Finally can Andrew Hardie please enlighten me as to where the poll showing the Tories at 22% in Scotland was published? As far as I am aware the last poll to be published was a You gov one for the SNP and that showed us flat lining at 15%. Equally in the last two by elections Dunfermline East and Moray or vote fell or flat lined. If such a poll exists it must have restricted itself to rural Perthshire. I would like nothing better than to see us making headway again in Scotland, but 22% is fantasy.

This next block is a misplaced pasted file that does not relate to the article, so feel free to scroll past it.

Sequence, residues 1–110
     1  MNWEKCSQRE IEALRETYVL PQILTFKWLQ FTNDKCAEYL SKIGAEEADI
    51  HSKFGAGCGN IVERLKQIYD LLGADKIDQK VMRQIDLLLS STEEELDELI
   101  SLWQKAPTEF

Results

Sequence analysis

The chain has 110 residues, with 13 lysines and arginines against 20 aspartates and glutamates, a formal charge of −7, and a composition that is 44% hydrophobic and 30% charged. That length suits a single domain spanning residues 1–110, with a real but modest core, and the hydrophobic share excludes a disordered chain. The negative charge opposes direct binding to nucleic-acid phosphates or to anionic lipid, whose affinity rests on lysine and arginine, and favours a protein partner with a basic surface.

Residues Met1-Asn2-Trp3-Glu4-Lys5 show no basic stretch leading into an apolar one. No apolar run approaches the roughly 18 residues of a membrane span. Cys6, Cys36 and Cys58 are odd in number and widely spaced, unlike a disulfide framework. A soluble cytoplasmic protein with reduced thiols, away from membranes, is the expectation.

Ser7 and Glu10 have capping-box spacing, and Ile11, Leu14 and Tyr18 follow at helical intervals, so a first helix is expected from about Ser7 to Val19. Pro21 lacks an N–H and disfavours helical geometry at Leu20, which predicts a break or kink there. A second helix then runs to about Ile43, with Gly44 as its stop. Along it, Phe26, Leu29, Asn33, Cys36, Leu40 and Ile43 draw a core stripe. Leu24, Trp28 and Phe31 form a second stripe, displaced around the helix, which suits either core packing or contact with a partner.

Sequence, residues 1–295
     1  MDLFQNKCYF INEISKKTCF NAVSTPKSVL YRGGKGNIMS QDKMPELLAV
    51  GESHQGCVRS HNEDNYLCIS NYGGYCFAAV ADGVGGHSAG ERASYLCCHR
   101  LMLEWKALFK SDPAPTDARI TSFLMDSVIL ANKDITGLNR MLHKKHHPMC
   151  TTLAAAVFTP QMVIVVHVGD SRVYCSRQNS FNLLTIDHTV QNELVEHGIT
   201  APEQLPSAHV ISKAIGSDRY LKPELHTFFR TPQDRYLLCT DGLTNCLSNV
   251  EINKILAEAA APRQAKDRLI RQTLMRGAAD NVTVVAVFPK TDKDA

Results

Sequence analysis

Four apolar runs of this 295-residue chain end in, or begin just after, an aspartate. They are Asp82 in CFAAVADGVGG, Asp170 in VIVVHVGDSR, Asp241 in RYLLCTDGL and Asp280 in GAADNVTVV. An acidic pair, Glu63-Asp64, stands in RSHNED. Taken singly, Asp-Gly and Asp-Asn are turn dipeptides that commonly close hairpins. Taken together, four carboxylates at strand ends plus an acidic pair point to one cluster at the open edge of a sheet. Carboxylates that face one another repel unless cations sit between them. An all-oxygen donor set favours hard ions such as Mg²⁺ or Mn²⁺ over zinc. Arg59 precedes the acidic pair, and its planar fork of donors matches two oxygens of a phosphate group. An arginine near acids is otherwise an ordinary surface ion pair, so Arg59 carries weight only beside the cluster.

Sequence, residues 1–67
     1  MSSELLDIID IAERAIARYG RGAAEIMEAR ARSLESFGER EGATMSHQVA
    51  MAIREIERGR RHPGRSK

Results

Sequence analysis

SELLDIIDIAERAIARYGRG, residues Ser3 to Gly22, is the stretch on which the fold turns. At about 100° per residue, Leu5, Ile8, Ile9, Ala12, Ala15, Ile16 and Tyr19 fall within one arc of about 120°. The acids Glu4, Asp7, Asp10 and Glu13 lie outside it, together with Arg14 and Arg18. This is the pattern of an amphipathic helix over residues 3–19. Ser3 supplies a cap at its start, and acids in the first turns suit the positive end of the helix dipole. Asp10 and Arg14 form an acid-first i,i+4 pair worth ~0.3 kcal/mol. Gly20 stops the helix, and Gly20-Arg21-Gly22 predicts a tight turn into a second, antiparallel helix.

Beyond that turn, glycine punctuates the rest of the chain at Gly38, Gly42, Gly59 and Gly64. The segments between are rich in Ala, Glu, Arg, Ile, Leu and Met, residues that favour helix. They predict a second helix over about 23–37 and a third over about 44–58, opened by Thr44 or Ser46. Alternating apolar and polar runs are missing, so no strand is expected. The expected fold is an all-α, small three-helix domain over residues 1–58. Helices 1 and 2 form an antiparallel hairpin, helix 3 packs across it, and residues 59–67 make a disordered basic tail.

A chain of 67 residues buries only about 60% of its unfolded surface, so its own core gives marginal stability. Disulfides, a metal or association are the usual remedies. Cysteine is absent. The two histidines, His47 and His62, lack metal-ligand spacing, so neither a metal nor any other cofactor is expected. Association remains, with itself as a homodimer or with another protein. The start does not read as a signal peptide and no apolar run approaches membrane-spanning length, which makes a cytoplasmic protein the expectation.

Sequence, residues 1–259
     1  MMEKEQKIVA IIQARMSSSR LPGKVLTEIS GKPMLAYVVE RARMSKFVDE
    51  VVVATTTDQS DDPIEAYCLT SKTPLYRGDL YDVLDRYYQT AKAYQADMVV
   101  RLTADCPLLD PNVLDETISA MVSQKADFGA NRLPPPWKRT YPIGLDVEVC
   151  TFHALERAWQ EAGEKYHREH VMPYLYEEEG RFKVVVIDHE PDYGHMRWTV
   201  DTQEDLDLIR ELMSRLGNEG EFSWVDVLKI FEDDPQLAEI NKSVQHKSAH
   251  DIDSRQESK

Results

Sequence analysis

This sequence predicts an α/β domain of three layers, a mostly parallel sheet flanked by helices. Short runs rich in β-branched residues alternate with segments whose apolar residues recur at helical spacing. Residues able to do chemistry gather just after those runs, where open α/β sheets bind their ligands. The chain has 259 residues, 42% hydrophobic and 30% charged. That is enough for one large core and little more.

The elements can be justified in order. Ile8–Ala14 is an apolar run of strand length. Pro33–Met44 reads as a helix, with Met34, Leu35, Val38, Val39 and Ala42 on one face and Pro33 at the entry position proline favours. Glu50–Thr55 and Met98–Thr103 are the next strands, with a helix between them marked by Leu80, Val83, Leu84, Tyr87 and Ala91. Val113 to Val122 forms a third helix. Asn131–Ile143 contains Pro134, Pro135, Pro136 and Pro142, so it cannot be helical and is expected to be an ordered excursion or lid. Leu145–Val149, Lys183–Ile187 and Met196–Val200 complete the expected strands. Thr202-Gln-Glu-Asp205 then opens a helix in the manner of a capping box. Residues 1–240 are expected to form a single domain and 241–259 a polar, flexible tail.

Further to DavidB. The point is that the political climate that allows EVfEL would be a rising nationalism and that would make any further pro EU moves politically impossible.

Further to COLINM. Claim 2A Yes this is exactly the same as the 80s and Scots anger at that unfairness led to Scots devolution and in exactly the same way English anger is going to lead to English devolution. Being the truely canny nation, we just don't want a separate lot of extra politicians, which is why I support EVfEL. Claim 2d The main English complaint is the Barnett formula. So I don't think you should pray it in aid of the necessity for keeping SVfEL. Altering the formula to a per capita basis will wipe out this argument with a stroke of the pen.